I was never a big fan of magicians because I don’t enjoy feeling conned or suspending my disbelief. Then I encountered Penn and Teller. Who couldn’t love magicians with a TV show called Bullshit? They are scientific sceptics and atheists who love making mince out of sacred cows. I particularly enjoyed their trick of making an American flag seem to disappear by wrapping it in a copy of the United States Bill of Rights, and apparently setting the flag on fire, so that the flag is gone but the Bill of Rights remains. I saw the trick first on West Wing. If their unique routine weren’t enough they have written numerous books. I am most drawn to two of their titles: God, No!: Signs You May Already Be an Atheist and Other Magical Tales and Every Day is an Atheist Holiday!: More Magical Tales from the Author of God, No!
If we go far enough in the future, historians may label the present time as the Age of Anxiety. There is certainly enough anxiety floating about for everyone to build a raft. The possible outcomes in Ukraine weigh on us all. Climate change is occurring faster than projected as sea levels and sea water temperatures rise. Poverty due to wealth inequality is creating social instability. Authoritarianism is rearing its head in unexpected places, endangering our freedoms. And then there is Covid. It is on the rise again in its increasing number of variants in the UK, France, US, South Africa, Southeast Asia, and Australia. Ashley Bloomfield this week announced that models for New Zealand suggest that the number of new cases, hospitalisations and deaths are not expected to go much lower than they are now in the near future and are likely to increase significantly during our winter months. We all know people who have been infected, a growing number of whom are members of this congregation. I learned of two more yesterday. We know going back to a pre-pandemic normal isn’t going to happen. So, what is the new normal going to look like and who in the hell knows?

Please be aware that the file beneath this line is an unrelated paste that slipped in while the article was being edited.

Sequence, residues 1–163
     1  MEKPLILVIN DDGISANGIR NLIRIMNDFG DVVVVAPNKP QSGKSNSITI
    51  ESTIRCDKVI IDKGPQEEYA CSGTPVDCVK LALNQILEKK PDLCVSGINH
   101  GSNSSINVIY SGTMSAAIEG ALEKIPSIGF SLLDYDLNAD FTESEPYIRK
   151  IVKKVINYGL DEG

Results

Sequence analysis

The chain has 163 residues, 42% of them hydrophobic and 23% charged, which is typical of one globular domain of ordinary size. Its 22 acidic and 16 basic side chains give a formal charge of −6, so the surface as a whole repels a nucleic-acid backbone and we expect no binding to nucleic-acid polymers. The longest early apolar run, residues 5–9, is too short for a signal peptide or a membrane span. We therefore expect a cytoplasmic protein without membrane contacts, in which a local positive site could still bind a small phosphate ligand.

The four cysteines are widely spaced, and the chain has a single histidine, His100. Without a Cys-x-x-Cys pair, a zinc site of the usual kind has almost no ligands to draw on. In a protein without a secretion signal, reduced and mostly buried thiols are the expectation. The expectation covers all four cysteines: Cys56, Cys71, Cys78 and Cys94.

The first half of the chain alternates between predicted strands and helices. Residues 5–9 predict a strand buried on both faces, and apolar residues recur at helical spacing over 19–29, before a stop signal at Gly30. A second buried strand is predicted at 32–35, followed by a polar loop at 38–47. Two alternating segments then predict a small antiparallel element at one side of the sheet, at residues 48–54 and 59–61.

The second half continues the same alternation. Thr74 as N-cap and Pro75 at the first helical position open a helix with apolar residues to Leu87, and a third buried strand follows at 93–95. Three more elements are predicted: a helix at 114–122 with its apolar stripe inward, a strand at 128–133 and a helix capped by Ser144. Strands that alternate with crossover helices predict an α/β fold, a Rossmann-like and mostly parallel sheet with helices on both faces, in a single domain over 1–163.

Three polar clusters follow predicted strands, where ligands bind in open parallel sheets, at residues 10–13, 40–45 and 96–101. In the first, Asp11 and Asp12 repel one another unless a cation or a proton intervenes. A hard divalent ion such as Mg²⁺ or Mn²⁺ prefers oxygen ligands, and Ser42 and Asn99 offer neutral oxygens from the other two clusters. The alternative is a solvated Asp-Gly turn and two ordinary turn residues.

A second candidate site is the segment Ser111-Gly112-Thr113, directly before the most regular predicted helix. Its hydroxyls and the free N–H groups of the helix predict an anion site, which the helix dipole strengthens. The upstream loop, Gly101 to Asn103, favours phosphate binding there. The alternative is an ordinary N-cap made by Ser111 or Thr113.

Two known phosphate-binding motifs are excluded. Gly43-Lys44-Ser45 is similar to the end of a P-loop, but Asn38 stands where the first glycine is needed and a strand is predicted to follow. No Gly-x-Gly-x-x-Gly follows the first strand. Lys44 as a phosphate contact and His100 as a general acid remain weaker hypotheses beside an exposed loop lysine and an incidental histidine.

Some have called “This Land Is Your Land”an alternative national anthem in America. It was written and first sung by Woody Guthrie.
Growing up in small-town Oklahoma, Guthrie heard church hymns, outlaw ballads, blues, fiddle tunes and popular music. The Guthries had been fairly prosperous — Woody’s father was a small-time politician and businessman — but the family unravelled during the Depression and his mother’s mental illness. That’s when Woody took to the road to be a street entertainer.
Ralph Waldo Emerson once observed that “It is a happy talent to know how to play.” But I have found it a difficult talent to utilise over the past couple of years. The last time I can remember being immersed in play was doing the chicken dance at Rachel’s and my wedding. It was also the first day someone entered the country infected with Covid and life changed dramatically for me in two ways. Getting married does that for everyone. The other change encompassing us all occurred six weeks later when we went into lockdown busy hoarding toilet paper.
My Dad was a pretty smart guy. He had a lot of academic degrees after his name and when younger I thought of him as the only Renaissance man I knew. Why? He seemed to know the answer to every question I could throw at him. Later I figured out that he was conning me. When he didn’t know the answer, he still gave me one, saying it with enough authority that I bought it hook, line and sinker.
Sherlock Holmes, the master of deductive reasoning, tells us in The Sign of the Four: “When you have eliminated the impossible, whatever remains, however improbable, must be the truth.”